Illness & Injury

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What does it mean for Canadian horse owners? Are you aware that a Code of Practice for the Care and Handling of Equines (CPCHE) was published in Canada in 2013? Did you know that Equine Canada, the Society for the Prevention of Cruelty to Animals (SPCA), the Canadian Veterinary Medical Association (CVMA), and the Canadian Feed Inspection Agency were among the many partners involved in the development of the CPCHE under the National Farm Animal Care Council (NFACC), and that they remain part of the team that supports the industry-recognized recommendations and requirements established within the Code for good equine husbandry? Let’s look at what exactly this equine Code entails.

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For a horse owner, there are few sights more welcome than the first signs of spring. As the snow melts away and the pastures begin to turn green, horse owners are glad to see the end of short days, frozen water buckets, and woolly coats. Springtime means longer, warmer days to spend working in the arena or hitting the trails. The season is also an ideal time to catch up on your horse’s healthcare needs.

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Horses can develop equine asthma when they’re exposed to airborne organic dust that can found anywhere — in a dirt paddock, on a gravel road, or in an indoor arena. But the most common culprit is dusty, moldy hay. Round bales can be particularly problematic as horses tend to tunnel their muzzles into the bales and inhale dust and mold.

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It’s been a gruelling season but the end is in sight. Looking back, training camp seems so long ago, so many months of hard work, of getting in shape. Last season certainly took its toll on the team. Coaches, trainers, and even the owner commented on the past year’s success and the hard work that went into it.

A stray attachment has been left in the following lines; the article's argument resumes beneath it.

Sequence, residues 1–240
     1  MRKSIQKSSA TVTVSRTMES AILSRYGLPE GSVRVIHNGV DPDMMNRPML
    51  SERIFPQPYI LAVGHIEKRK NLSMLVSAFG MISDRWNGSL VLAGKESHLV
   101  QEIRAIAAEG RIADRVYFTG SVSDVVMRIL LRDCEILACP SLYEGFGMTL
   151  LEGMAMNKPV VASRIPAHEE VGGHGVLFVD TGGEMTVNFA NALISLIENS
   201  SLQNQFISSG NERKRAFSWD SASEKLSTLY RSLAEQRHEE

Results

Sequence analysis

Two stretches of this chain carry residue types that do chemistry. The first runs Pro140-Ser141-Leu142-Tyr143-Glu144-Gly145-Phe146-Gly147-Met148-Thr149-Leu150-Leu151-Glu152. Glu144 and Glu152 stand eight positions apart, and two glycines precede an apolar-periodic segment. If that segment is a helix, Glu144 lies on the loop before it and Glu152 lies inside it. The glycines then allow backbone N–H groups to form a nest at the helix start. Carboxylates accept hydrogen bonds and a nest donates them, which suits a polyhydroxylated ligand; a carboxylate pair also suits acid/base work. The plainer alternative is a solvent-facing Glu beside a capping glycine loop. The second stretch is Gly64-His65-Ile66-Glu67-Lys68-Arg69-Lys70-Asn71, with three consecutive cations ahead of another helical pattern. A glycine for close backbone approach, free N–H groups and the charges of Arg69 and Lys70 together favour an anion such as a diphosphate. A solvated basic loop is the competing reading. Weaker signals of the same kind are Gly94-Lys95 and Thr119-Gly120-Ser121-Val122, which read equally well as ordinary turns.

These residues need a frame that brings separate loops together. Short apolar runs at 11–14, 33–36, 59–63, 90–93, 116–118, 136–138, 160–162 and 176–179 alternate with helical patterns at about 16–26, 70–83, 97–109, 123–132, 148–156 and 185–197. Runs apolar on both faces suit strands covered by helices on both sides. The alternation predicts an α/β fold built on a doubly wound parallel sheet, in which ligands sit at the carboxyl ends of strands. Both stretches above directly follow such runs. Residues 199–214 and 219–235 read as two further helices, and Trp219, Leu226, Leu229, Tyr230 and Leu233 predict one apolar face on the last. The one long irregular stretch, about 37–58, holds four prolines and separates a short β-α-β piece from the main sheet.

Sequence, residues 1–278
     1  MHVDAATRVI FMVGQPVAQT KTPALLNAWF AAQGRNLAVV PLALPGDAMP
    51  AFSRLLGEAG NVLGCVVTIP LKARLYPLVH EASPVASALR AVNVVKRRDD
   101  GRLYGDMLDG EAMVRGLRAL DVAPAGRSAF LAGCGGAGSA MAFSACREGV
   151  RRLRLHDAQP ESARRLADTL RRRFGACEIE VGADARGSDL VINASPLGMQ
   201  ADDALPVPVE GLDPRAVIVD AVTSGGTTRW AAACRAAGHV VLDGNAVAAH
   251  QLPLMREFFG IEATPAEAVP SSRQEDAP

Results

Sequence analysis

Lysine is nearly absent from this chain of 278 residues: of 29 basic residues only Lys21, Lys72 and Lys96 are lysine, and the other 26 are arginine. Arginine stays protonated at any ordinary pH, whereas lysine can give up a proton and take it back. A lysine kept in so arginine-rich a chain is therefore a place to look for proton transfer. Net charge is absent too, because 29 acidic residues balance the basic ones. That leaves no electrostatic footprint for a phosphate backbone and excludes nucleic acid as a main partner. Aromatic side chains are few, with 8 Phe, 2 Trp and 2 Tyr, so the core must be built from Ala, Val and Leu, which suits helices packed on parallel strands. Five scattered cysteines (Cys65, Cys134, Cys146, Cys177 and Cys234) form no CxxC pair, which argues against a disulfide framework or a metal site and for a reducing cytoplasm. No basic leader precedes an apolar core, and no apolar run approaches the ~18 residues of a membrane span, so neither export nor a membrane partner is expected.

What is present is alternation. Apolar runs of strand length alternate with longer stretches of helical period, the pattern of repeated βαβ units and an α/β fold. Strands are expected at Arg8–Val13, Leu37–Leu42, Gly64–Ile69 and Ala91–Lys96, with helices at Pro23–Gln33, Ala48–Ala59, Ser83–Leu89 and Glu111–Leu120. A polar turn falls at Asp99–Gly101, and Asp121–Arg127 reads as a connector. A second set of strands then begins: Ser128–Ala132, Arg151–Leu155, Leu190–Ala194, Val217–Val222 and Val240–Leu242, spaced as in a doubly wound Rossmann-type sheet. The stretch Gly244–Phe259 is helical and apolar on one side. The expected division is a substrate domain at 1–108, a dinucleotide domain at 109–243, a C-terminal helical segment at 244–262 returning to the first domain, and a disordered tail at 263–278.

What is Equine Recurrent Uveitis (eru), UC Davis Center for Equine Health, moon blindness HORSES, IS MY HORSE BLIND? types of horses that go blind, insidious uveitis

Equine recurrent uveitis (ERU), also known as moon blindness, is the most common cause of blindness in horses worldwide. It affects 2 to 25 percent of horses globally, with 56 percent of affected horses eventually becoming blind. More than 60 percent of affected horses are unable to return to previous levels of work. ERU is most often characterized by repeated episodes of inflammation of the uveal tract of the eye (the middle layer), involving one or both eyes. A subclinical manifestation, known as insidious uveitis, does not present as outwardly painful episodes, and instead is consistent low grade inflammation (not episodic) that causes cumulative damage to the eye. Cumulative damage caused by ERU can lead to cataracts, glaucoma, and eventually blindness. Although not all horses that experience a single episode of uveitis will develop ERU, they are at risk for disease.

Diseases resulting in Hind Limb Gait Deficits in Horses, stringhalt in horses, Fibrotic Myopathy in horses, Shivers in Horses, Equine Polysaccharide Storage Myopathy PSSM

By Dr. Colin Scruton - Hind limb problems can be confusing to identify and even harder to diagnose in horses. Some conditions can lead to mechanical deficits or difficulty in certain movements without causing the classic pain-associated lameness. Stringhalt, fibrotic myopathy, shivers, and equine polysaccharide storage myopathy (PSSM) are four distinct diseases in horses that result in gait deficits. Accurate differentiation of these conditions allows for the most effective management to be used.

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